SKOWHEGAN — This is not your backyard compost pile.

The 60-by-120-foot pile of collected grass clippings, twigs, leaves and farm manure at the town transfer station soon could be getting bigger with the addition of food waste from area restaurants and schools.

Selectmen on Tuesday heard from Mark King, an environmental specialist from the Maine Department of Environmental Protection, on the benefits of composting food recyclables.

“This is about putting selected food from area restaurants and businesses to be added to the pile at low levels at first to see if we can enhance the compost product they produce,” King said Wednesday. “They will do what’s called source separation, which they collect only food scraps, and any plastics would go into the garbage. We’re looking at only clean, collected food.”

Randall Gray, the town’s solid-waste management supervisor, said the plan is to start slowly, with up to 50 yards of food waste per year going into the pile. That’s about five full dump truck loads to be added to the existing pile.

He said the town generates 800 yards of compost a year in a pile that is turned and aerated every few months to get the organisms “cooking.” The department has two certified composters, Al White and Steve Foss, who have taken a weeklong course in composting and know how to control the operation.

“We have a very progressive program right now, and this will enhance it greatly,” Gray said. “The taxpayer will get a much improved product.”

Compost is offered free to all Skowhegan residents as a finished product at the Skowhegan Highway Department yard.

Anything that was once living will decompose; composting is nature’s process of recycling organic material into a rich soil, according to information at www.recycleworks.com. Composting is an acceleration of the same process nature uses to break down organic material, returning nutrients back into the soil to make a potent fertilizer for gardens and lawns.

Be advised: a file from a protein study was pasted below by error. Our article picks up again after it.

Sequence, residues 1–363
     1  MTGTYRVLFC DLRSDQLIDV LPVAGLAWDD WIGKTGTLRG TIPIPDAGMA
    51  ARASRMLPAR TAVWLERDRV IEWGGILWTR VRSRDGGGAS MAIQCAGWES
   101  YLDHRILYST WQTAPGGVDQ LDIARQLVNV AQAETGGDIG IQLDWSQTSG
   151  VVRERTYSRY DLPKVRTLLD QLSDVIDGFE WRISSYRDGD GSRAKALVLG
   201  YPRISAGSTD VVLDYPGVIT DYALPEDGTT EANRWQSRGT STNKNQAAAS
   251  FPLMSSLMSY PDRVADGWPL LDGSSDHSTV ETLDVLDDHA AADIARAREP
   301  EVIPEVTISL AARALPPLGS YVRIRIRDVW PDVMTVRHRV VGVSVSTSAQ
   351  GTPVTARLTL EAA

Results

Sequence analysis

The process also produces heat, which literally cooks the pile, Gray said.

Town Manager John Doucette Jr. said the plan was well received by selectmen, and a vote on forming a plan may come at an upcoming meeting.

“They seemed very receptive to the idea,” Doucette said. “I think it will be a good thing for the town.”

Gray said the incentive for composting organic material is the same as that for recycling cardboard or plastic or metal cans — avoiding the cost of trucking and tipping fees at the regional landfill in Norridgewock.

“The town makes about $100,000 a year on the recycling program, which we would have to spend on disposal fees,” Gray said. “If you produce $100,000 and you save $100,000 in disposal costs, that’s a couple hundred thousand dollars a year out of a $700,000 operating budget.”

Gray said the highway department uses the compost to offset landscaping costs.

He said the town installed an impervious pad to hold the pile two years ago. The pad has erosion and sedimentation controls, which catch runoff from the pile with wood chips, which then are recycled back into the compost pile.

Gray said he and Mark King from the DEP will begin contacting local businesses that might want to sign up for the food collection plan.

“We have restaurants, we have a hospital here in town and we have a school district,” he said. “We’ll put together a list and make some contacts. I’m sure we will find participants. It’s the absolute right thing to do.”

Doug Harlow — 612-2367
dharlow@centralmaine.com